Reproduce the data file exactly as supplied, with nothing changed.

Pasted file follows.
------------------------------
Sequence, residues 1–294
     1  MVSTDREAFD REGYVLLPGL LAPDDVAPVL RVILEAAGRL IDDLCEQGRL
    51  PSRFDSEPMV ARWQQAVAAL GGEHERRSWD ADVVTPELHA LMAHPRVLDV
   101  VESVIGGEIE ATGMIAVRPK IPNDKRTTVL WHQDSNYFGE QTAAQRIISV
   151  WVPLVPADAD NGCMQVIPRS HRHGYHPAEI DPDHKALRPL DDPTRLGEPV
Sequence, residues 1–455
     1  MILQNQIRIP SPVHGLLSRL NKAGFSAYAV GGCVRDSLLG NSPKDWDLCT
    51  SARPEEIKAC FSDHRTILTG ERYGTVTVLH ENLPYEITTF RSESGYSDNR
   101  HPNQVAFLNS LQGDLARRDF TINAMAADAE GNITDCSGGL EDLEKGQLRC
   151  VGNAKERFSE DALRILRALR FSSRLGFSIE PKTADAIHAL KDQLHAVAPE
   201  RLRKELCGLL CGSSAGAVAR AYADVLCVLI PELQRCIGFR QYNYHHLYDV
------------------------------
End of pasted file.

Sequence, residues 1–294
     1  MVSTDREAFD REGYVLLPGL LAPDDVAPVL RVILEAAGRL IDDLCEQGRL
    51  PSRFDSEPMV ARWQQAVAAL GGEHERRSWD ADVVTPELHA LMAHPRVLDV
   101  VESVIGGEIE ATGMIAVRPK IPNDKRTTVL WHQDSNYFGE QTAAQRIISV
   151  WVPLVPADAD NGCMQVIPRS HRHGYHPAEI DPDHKALRPL DDPTRLGEPV
Sequence, residues 1–455
     1  MILQNQIRIP SPVHGLLSRL NKAGFSAYAV GGCVRDSLLG NSPKDWDLCT
    51  SARPEEIKAC FSDHRTILTG ERYGTVTVLH ENLPYEITTF RSESGYSDNR
   101  HPNQVAFLNS LQGDLARRDF TINAMAADAE GNITDCSGGL EDLEKGQLRC
   151  VGNAKERFSE DALRILRALR FSSRLGFSIE PKTADAIHAL KDQLHAVAPE
   201  RLRKELCGLL CGSSAGAVAR AYADVLCVLI PELQRCIGFR QYNYHHLYDV